“This is akin to the ostrich mindset, where one avoids risky health situations by not receiving any information about them,” said Poh.

It's a response that might have been triggered by anxiety, he added. “They let their imagination run wild and they think of the worst case scenarios, where the check-up uncovers something seriously wrong.”

To tackle the anxiety, try the gentle and loving approach. “You can bring it up casually to reduce resistance.

For example, you might say, my company provides free health checks and that reminded me that you have not gone for a health screening for a while," said Poh.

If Mum or Dad takes better to the direct approach, state your concerns plainly.

“You might say, I notice that you are not as energetic as before. I am concerned about you and I would feel better if you go for a health check-up,” suggested Poh.

READ: How to protect yourself against age-related muscle loss

It takes an open conversation – or a few – to get the message across.

“Educate them about the importance of regular health screening, early intervention, and address their concerns if they show reluctance,” said Poh.

“Always use positive language and describe the benefits of health screening in an encouraging manner, rather than catastrophising or using fear to threaten them.”

Like in the previous scenario, you can also offer to set up an appointment – but with the added reassurance that you do the screening together. “It reduces the stress and anxiety of doing it alone,” said Poh. 

Dr Chng added that finding a doctor that your family member is comfortable with will also help.

(Photo: Pixabay)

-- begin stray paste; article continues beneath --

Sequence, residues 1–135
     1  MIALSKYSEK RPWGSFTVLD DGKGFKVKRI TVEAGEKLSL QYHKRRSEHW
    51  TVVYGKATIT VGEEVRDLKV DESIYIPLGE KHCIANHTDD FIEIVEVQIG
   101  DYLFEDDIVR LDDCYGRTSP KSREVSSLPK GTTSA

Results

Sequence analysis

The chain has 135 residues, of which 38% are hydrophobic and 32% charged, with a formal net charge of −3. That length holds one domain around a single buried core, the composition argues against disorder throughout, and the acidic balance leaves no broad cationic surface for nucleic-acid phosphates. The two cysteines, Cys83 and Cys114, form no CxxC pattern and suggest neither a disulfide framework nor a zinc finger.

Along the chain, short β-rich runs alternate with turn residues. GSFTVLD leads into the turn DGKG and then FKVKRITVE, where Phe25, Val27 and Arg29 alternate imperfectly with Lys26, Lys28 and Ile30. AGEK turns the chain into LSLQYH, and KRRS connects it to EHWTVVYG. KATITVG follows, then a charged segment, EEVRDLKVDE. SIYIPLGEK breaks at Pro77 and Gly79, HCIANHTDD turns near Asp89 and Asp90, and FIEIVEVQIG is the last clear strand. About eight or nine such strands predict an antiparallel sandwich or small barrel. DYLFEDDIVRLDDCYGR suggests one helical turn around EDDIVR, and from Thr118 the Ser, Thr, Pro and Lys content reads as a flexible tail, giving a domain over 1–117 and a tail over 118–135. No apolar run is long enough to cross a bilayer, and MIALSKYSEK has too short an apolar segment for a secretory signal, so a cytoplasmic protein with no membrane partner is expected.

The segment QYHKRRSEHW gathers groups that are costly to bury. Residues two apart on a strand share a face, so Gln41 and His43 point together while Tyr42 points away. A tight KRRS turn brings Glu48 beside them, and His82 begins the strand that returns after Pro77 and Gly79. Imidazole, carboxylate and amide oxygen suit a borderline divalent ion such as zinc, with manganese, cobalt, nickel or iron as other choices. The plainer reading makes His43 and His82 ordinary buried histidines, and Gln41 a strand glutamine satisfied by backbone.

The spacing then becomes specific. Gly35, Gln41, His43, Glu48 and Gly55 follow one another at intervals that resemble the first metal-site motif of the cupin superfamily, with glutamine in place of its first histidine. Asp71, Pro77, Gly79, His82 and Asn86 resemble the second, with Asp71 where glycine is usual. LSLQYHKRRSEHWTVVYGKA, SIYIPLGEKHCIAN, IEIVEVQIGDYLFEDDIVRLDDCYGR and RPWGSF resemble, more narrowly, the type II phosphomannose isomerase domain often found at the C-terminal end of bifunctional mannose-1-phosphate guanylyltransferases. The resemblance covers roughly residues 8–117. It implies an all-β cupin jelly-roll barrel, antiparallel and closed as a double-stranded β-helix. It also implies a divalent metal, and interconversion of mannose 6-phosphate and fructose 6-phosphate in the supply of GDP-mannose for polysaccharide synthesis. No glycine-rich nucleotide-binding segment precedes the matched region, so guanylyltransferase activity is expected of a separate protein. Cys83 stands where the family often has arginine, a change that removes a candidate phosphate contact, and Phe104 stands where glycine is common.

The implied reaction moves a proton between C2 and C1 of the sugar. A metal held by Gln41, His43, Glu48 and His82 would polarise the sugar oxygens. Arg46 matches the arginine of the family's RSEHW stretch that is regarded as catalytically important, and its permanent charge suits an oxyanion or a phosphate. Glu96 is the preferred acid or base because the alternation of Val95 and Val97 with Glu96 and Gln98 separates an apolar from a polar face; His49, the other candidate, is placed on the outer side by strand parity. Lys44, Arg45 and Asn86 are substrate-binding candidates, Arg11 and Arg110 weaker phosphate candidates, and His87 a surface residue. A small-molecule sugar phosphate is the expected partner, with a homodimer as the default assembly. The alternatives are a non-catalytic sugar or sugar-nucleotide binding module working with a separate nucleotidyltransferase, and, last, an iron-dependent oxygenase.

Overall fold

You’ve probably heard this one from your parents if they’re still working.

But what Mum and Dad went through might not be sufficient because the basic package that is usually offered for free to employees varies from company to company, said Dr Chng. 

“Usually, it would consist of height, weight, body mass index, visual acuity, blood pressure, heart rate, physical examination, fasting glucose, fasting lipids, full blood count, kidney function and liver function.”

Added Dr Chng: “It is best to discuss with the doctor for him to recommend any additional tests if necessary. The recommendations are usually based on risk factors such as age, gender, past medical history and family history.


Unlike the earlier excuses, this one is easier to manage – assuming, of course, it’s really just about keeping tabs on their annual medical appointments.

A tip from Dr Chng: Fix the health screenings in their birthday months. So, when you’re planning their birthday dinner or presents, you’ll be reminded to make sure they go for their check-ups, too. 

“However, avoid the last quarter of the year, that is, from October to December as these are traditionally the busier months,” said Dr Chng.

“Many corporate clients will try to book last-minute appointments to make use of their company’s health screening benefits before the year is up,” said Dr Chng.


So, they haven’t forgotten and are willing to go for one – but they’ve brought up finances. Being the good child that you are, surely helping out your parents won’t be an issue? 

You can also help them check a few things: Whether their insurance plans cover the cost, or what subsidies they're eligible for under the Screen for Life (SFL) national screening programme, which offers subsidised screenings for Singaporeans, depending on age and gender.

For instance, under the SFL programme, your parents may only need to pay S$5 each if they're eligible Singaporeans, S$2 for eligible CHAS (both Blue and Orange) cardholders, or nothing at all if they're Pioneers. 

This covers the screening tests (which could include tests for cardiovascular risk, colorectal cancer and/or cervical cancer screening) done within the same visit and the first post-screening consultation, if required. 

Source: CNA